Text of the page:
- Heart Rhythm Irregularities
TAVR can occasionally cause heart rhythm abnormalities, requiring additional treatment.
As with any surgical procedure, there is a risk of infection at the incision site.
- Kidney Issues
Some patients may experience kidney problems due to the contrast dye used during the procedure.
What to Expect Before, During, and After Trans Aortic Valve Replacement
Transcatheter aortic valve replacement (TAVR) tests are done to visualize your anatomy and determine candidacy. A cardiothoracic surgeon and interventional cardiologist will assess your case. The procedure takes 1-2 hours. You are awake but sedated. The artificial valve is guided to your heart via a catheter through an artery and deployed within the diseased native valve. You will be monitored in the hospital for 2-5 days. Your valve function will be checked. Discharge instructions will cover medication and lifestyle needs.
The recovery time for TAVR is faster than open-heart surgery. You should be able to resume normal activity within a week or two. Most patients experience significantly improved heart function and relief of symptoms. Here are some additional things to keep in mind:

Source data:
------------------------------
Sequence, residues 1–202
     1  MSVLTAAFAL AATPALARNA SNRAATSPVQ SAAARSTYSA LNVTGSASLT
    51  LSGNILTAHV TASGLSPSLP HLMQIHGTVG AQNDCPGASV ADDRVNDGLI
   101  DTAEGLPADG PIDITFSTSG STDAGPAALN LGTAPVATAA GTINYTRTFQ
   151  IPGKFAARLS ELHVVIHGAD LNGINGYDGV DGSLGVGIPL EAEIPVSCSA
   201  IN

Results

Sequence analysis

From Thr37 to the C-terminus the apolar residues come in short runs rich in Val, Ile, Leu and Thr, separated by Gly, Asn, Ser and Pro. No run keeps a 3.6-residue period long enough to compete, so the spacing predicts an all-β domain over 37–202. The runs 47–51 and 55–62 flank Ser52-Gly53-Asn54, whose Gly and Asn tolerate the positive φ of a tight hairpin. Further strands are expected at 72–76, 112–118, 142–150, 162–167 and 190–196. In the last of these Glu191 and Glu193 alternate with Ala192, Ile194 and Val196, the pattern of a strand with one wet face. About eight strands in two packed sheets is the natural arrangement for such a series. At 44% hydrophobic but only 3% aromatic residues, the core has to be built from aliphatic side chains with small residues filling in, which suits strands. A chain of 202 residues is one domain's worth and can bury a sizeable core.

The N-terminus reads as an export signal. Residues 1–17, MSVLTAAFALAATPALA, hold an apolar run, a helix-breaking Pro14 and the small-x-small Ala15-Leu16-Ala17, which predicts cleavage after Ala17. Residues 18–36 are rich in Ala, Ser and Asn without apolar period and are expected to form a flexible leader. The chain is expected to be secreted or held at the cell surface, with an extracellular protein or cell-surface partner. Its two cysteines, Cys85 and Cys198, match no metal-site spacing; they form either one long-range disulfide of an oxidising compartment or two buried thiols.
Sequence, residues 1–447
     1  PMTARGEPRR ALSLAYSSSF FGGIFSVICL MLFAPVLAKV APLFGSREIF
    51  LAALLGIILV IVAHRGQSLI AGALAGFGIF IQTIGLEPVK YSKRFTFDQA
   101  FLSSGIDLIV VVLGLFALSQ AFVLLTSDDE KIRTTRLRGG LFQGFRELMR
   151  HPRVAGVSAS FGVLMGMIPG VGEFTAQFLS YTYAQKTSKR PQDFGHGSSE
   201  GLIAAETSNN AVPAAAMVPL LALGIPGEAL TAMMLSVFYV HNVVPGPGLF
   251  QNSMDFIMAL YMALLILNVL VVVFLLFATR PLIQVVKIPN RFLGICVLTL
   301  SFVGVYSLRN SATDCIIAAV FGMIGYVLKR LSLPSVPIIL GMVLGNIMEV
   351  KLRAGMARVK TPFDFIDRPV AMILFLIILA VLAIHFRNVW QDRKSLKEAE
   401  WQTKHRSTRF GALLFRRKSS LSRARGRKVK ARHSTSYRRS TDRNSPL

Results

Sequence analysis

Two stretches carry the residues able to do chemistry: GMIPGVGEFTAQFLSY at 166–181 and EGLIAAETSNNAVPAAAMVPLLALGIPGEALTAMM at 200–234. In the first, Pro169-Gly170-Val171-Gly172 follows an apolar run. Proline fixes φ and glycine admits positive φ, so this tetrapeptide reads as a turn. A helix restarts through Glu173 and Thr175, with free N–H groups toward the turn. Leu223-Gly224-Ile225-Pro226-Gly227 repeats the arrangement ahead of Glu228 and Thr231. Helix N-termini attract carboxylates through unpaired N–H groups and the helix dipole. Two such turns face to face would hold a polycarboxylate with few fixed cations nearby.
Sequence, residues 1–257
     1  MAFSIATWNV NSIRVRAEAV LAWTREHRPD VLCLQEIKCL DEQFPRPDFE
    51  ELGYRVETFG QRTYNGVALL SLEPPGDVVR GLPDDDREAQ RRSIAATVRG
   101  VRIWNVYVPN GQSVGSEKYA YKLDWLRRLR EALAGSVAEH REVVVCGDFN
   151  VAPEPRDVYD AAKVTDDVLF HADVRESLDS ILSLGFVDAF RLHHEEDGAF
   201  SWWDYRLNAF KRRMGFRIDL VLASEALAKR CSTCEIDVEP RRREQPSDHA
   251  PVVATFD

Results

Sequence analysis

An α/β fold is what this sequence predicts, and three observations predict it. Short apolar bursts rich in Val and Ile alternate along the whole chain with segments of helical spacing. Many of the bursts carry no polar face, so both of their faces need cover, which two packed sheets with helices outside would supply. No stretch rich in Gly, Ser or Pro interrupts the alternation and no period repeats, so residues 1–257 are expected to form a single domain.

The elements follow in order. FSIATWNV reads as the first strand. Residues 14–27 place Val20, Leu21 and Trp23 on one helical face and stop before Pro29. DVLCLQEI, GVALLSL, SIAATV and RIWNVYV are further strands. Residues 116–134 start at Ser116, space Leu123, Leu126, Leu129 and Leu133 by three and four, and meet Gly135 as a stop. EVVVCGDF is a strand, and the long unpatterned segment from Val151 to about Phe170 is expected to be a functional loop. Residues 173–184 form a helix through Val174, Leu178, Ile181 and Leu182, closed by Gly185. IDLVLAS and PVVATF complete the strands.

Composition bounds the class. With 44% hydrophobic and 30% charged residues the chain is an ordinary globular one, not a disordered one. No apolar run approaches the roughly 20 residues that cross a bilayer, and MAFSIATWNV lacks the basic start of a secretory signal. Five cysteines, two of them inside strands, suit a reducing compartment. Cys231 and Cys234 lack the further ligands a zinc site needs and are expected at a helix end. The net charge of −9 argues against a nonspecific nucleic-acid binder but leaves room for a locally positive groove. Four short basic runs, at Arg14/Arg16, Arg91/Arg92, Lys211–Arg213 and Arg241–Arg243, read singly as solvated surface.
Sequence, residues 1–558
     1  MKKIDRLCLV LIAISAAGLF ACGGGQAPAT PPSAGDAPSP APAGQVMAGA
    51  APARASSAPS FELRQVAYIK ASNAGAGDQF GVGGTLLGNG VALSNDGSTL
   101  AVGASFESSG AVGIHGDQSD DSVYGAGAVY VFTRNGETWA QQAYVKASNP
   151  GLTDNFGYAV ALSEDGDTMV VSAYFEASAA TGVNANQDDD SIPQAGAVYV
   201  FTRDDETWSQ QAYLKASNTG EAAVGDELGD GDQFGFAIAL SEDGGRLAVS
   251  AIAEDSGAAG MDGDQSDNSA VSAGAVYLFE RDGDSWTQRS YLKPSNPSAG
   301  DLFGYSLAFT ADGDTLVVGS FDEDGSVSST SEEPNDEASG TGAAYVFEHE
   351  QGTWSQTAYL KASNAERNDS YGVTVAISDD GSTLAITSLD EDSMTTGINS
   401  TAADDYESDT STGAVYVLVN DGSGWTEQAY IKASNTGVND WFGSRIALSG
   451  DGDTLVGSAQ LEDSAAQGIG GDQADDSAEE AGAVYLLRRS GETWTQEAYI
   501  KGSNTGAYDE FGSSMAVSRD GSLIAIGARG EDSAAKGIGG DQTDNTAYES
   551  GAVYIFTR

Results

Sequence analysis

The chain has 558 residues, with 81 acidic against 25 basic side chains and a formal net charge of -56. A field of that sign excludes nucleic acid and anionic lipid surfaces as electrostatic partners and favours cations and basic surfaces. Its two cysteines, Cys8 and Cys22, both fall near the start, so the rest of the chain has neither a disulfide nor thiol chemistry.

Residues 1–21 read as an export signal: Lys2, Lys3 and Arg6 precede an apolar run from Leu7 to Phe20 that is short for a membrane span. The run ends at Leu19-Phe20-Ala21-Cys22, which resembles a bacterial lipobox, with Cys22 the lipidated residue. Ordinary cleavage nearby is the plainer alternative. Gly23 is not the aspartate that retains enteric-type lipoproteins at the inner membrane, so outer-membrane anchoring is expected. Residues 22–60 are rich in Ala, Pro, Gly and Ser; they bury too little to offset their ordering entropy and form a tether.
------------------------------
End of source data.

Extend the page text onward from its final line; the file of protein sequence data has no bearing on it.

- You will be monitored for bleeding, infection, and other complications and may be prescribed antibiotics to prevent infection.
- You may need to take blood thinners to prevent blood clots.
- You will gradually resume your normal activities over the next few weeks.
- You should be able to return to work and other activities within a few weeks or months.
Am I a Candidate for Trans Aortic Valve Replacement?
Transcatheter aortic valve replacement (TAVR) is a safe and effective option for many patients, but only some are good candidates for the procedure. If you are unsure whether you are a candidate for TAVR, talk to your cardiovascular specialist. They can help you assess your eligibility and discuss the risks and benefits of the procedure with you. Here are some factors that may affect your eligibility for TAVR:
- Severity of aortic valve stenosis
TAVR is typically recommended for patients with severe aortic valve stenosis who have symptoms such as chest pain, shortness of breath, or fatigue.
- Age and overall health
TAVR is often considered for older adults who may not be good candidates for open-heart surgery due to age or other health conditions. However, age is one of many factors considered when determining TAVR eligibility. Your overall health and medical history will also be taken into account.
- Surgical risk
TAVR may be a better option for patients at high risk for complications from open-heart surgery. Your doctor will assess your surgical risk based on factors such as your age, other health conditions, and the results of your medical tests.
- Anatomy of the aorta and heart
The anatomy of your aorta and heart will be evaluated to ensure that TAVR can be performed safely and effectively. This assessment may involve imaging tests such as an echocardiogram or CT scan.
- Lifestyle and preferences
Your lifestyle, activity level, and personal preferences will also be considered when determining your eligibility for TAVR. It is essential to talk with your doctor about your goals and expectations.